Archivist and author Jared Davidson, recognises Trouillot’s moment of fact assemblage described above. Davidson agrees that archivists are not neutral gatekeepers of the truth. Archivists, like historians, make judgements on promoting and demoting aspects of history. Power mediates the historical relationship between past and present.

Jared Davidson website

Using metaphors to describe history

Magnifying glass

Magnifying glass with handle.

It can be tempting to think of history like a magnifying glass. Historical evidence is examined closely, allowing the past to come into focus, neatly framed and in plain sight, with even minutiae writ large. This is true in a sense – history does bring the past into focus.

But it is not a straightforward single story.


Different coloured shapes joined together in a cricle pattern.

History is like a kaleidoscope – fractured and partial, its coloured crystal patterns shifting and changing the moment you twist it. The subject and the context are both intimate parts of the pattern, so that if we take turns looking through the kaleidoscope, we are likely to glimpse different configurations. Each turn constructs new, ever-evolving shapes.

Wānanga | Discussion for younger students

  • It would be brilliant to have access to a physical magnifying glass and a kaleidoscope so students can play and experiment with them.
  • Using the magnifying glass metaphor, describe how history has detective-like qualities: hunting down evidence and looking closely to find out about a person, place, or thing, accumulating evidence steadily until you have a clearer picture.
  • Pass the kaleidoscope around the class (or look at patterns online), allowing students to describe or draw their own patterns. Compare these patterns, paying attention to the similarities and differences that emerge. These patterns are like history – never just one thing, and sometimes conflicting or competing ‘contested histories’.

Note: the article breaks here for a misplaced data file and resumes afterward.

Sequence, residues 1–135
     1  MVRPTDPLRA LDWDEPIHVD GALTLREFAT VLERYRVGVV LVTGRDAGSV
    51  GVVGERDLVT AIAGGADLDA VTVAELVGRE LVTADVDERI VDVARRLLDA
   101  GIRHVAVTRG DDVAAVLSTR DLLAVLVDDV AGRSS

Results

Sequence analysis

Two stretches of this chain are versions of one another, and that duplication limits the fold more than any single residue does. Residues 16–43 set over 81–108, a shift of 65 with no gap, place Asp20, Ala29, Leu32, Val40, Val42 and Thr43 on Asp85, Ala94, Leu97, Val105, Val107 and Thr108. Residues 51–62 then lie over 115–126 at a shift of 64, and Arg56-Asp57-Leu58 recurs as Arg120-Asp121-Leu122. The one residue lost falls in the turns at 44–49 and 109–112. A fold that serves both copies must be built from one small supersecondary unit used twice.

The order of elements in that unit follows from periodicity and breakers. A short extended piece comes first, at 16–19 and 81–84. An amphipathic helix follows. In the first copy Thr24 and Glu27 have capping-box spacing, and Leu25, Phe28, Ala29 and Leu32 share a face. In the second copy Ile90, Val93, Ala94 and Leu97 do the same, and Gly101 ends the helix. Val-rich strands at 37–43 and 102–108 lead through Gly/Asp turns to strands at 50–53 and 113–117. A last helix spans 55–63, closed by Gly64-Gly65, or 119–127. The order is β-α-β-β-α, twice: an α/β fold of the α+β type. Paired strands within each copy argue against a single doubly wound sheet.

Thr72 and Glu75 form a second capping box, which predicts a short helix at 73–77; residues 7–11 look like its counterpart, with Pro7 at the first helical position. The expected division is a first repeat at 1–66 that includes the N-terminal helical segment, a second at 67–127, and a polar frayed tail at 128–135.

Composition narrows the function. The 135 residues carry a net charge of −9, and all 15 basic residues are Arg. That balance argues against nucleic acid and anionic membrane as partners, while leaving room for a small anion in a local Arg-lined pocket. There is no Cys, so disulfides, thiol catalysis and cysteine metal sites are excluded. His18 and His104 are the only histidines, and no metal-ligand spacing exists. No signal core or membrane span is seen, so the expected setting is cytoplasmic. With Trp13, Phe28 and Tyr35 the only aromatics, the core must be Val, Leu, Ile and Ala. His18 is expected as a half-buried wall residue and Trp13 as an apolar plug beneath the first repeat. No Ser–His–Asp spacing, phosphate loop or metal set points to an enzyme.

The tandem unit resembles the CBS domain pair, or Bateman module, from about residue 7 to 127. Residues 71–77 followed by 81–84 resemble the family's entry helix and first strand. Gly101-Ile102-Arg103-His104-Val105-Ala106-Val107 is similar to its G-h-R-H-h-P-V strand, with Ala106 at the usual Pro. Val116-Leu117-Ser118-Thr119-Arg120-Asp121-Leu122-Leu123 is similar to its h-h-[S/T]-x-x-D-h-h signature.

• Ask students: If someone wrote the history of your life so far, what evidence would it be good for them to use, and why?
  • Encourage students to think up questions they could ask if they were interviewing someone about their life.

Wānanga | Discussion for older students

  • What do we know about the magnifying glass and the kaleidoscope? What is the history of these objects?
  • How could you use these objects to describe history?
  • What is truth?
  • Can we ever know the truth about something?
  • What is subjectivity?
  • What do you think the purpose of history is?
  • Complete the sentence: History is …

Oral history guide – NZ History

Wāhi: place-based education – Te Akomanga

Water as a metaphor for history

Lines in different shades of blue criss-crossing each other.

E. H. Carr likened the past to a vast and often inaccessible ocean. So too did Jacob Burkhardt, who felt the challenge and weight of history when he compared it to going to sea in a boat he did not trust: ‘As soon as we become aware of our position, we find ourselves on a more or less rickety ship, driven on one of a million great waves.’ [4]